Dr Richard Charles, Emeritus Consultant Cardiologist at Liverpool Heart and Chest Hospital and Chair of Creavo Medical Technologies’ Medical Advisory Board
October is Sudden Cardiac Arrest (SCA) awareness month – a campaign to address a major health problem which, although affecting 100,000 people a year in the UK, is widely misunderstood.
The fundamental distinction to make at the outset is that SCA is very different from a heart attack. A heart attack is caused by impeded blood flow through the heart, whereas SCA is usually caused by a structural or electrical problem with the heart – the result of an underlying condition. It is imperative, therefore, that we find a way of identifying those at risk before a serious cardiac event occurs.
Some of those that suffer SCA will have a recognised history of heart problems, such as coronary disease or disease of the heart muscle (cardiomyopathy). But for about half of those affected, SCA is in fact the first indication that there is something wrong with their heart. As such, developing techniques to screen patients, and identify people who may be at risk of SCA, could save many lives.
Some methods have been investigated over the years for such screening, mainly focusing on those with a recognised history. Some have been reasonably effective at identifying SCA in certain groups – but none have been robust enough to go into daily practice.
Innovations in screening
One area being explored is magnetocardiography (MCG) – a technology which existed previously in SQUID devices, but which Creavo Medical Technologies has developed for use at a patient’s bedside. MCG provides a unique look at the electromagnetics of the heart – and there is hope that it could be used initially in people with recognised underlying cardiac diseases, but then also, due to its simplicity and ready availability, incorporated into cardiac screening.
The primary purpose of Creavo’s device, Corsens, is to act as an aid to help physicians rule out acute myocardial ischaemia in patients who present with symptoms consistent of chest pain of cardiac origin in the emergency department. Identifying these patients early reduces patient anxiety and can save the hospitals valuable time, resources and bed space.
But now, we are considering how the technology might benefit the arrhythmia field – exploring whether it could be used to risk-stratify patients for SCA. One option could be to use MCG to examine those who fulfil the criteria for an implanted defibrillator (ICD) and assess common characteristics, compared to healthy hearts.
Improving our understanding of the need for an ICD
Many patients who have an ICD implanted never actually need a therapeutic shock. A study of the ICD registry in Israel, for example, found that only 1-2% of people with an ICD actually had a therapeutic shock in the ensuing 30 months. We also know that only around 20-30% of people who meet the guidelines for having an ICD actually have one implanted.
So, on the one hand we have a group of people with expensive and intrusive devices that are never ultimately required and, on the other, people who will potentially die of SCA who didn’t have a defibrillator fitted.
If we were able to refine and improve our understanding of which patients are most likely to need a shock, this would help reduce the cost to the health service and target care where it is most needed.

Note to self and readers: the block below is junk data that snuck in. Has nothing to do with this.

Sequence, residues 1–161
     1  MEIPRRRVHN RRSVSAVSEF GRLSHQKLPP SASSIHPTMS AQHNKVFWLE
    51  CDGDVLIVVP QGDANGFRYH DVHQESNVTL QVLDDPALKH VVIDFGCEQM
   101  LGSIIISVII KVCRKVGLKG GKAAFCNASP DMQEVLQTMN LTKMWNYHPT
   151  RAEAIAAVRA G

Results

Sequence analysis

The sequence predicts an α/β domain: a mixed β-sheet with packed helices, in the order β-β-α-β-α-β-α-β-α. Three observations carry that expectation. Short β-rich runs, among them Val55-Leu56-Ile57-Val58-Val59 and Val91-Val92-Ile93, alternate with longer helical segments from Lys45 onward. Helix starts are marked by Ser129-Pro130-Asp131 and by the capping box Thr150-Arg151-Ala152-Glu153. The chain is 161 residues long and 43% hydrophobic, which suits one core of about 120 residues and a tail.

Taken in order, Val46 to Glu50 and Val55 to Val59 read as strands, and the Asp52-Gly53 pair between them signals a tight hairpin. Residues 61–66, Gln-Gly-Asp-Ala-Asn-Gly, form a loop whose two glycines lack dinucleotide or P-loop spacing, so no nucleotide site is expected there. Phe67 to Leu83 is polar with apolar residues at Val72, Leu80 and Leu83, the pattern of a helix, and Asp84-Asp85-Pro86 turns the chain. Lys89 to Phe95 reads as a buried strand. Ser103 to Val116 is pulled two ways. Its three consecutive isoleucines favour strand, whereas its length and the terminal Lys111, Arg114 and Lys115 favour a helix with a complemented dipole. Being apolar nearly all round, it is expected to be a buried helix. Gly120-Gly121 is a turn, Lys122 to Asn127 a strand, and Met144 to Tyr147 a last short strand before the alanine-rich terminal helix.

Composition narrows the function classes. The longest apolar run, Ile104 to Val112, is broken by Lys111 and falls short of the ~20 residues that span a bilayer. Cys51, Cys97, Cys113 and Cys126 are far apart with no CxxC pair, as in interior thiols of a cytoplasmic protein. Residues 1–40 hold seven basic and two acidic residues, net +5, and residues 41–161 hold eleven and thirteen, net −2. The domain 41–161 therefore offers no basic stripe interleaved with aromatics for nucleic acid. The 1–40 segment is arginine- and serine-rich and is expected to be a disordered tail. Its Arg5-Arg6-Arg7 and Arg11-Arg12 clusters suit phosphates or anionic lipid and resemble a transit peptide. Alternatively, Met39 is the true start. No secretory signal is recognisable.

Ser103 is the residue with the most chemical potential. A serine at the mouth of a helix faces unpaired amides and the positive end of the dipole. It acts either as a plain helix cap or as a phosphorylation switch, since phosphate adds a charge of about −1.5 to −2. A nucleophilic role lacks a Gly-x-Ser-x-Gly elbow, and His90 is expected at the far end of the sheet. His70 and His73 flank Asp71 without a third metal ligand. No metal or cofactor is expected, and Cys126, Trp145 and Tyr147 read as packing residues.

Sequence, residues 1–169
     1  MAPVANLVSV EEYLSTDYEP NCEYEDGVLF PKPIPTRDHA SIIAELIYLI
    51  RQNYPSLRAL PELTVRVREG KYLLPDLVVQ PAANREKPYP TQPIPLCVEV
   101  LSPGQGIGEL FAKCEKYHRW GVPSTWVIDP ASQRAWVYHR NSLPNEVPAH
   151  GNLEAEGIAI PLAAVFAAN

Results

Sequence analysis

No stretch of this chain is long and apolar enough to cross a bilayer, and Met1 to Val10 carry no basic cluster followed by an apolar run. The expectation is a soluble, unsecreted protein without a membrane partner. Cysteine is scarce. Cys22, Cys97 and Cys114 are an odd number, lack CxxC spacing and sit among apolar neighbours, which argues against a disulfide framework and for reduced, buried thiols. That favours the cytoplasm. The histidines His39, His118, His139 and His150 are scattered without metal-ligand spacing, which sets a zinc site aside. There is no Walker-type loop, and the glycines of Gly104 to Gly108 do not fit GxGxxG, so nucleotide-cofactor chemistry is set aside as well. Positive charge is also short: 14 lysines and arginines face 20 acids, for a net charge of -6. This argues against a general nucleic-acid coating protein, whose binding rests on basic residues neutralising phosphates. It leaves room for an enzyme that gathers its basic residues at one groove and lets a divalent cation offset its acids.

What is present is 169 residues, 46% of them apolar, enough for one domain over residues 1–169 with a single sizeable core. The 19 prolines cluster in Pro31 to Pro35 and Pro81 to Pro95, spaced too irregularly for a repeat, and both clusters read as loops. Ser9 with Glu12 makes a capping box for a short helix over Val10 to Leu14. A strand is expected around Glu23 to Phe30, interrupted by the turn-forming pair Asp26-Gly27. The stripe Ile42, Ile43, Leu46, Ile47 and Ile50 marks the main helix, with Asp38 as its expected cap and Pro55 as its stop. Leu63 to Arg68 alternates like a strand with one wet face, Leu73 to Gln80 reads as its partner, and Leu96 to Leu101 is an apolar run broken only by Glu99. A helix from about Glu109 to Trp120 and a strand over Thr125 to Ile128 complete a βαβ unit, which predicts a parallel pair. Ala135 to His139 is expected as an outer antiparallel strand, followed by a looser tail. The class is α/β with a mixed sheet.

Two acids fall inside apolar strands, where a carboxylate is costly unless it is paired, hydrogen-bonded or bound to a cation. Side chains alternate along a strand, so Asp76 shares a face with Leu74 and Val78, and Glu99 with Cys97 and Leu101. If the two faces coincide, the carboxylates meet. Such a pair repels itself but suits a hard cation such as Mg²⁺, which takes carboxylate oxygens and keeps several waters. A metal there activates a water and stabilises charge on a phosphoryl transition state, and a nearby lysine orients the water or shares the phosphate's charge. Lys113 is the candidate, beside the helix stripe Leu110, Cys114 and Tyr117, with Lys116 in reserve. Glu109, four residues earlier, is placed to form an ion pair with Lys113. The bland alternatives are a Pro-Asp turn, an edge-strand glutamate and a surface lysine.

A key benefit of Corsens is that it visualises the heart’s magnetic field, producing a trace, magnetic field map and measurements. The hope is that it could allow us to better identify the characteristics of the ‘ultra-high risk’ patients amongst those who fulfil the current requirements to have an ICD implanted.
We are planning to use the device to perform studies into those patients who fulfil the current consensus guideline criteria for an ICD implant, to see whether any common features can be identified which could help us improve our risk stratification understanding. If we can assure ourselves that the metal in their chest is not affecting our MCG reading, this could also be supplemented by a study of people with an ICD who have already had a shock.
There are other studies that we are interested in linking up with. For example, a large scientific research project is being conducted in Belgium amongst people at risk of cardio-metabolic disease (such as people with diabetes). The objective of the study is to assess if it is possible to predict those at risk of heart failure – introducing MCG to the equation could deliver some illuminating results.
If such studies among those with ICDs or other high-risk groups were successful, we could then begin to look at using MCG to screen a much wider population of people.
At the same time, we are exploring using MCG for very specific groups, including children with genetic heart problems such as Brugada Syndrome – which are much rarer than SCA but just as devastating. We are involved in a study into Brugada Syndrome at St George’s University Hospital, to gauge whether MCG can identify those at risk.
A fight against SCA on many fronts
A huge amount of work has been done in recent times to raise awareness of SCA and move towards more effective screening. With MCG, we have the potential to screen for foetal and early infancy cardiac problems, right through to inherited and degenerative diseases. Implantable defibrillator devices remain the last line of defence to prevent death, and, by ensuring that the right people have them, we could save tens of thousands of lives each year.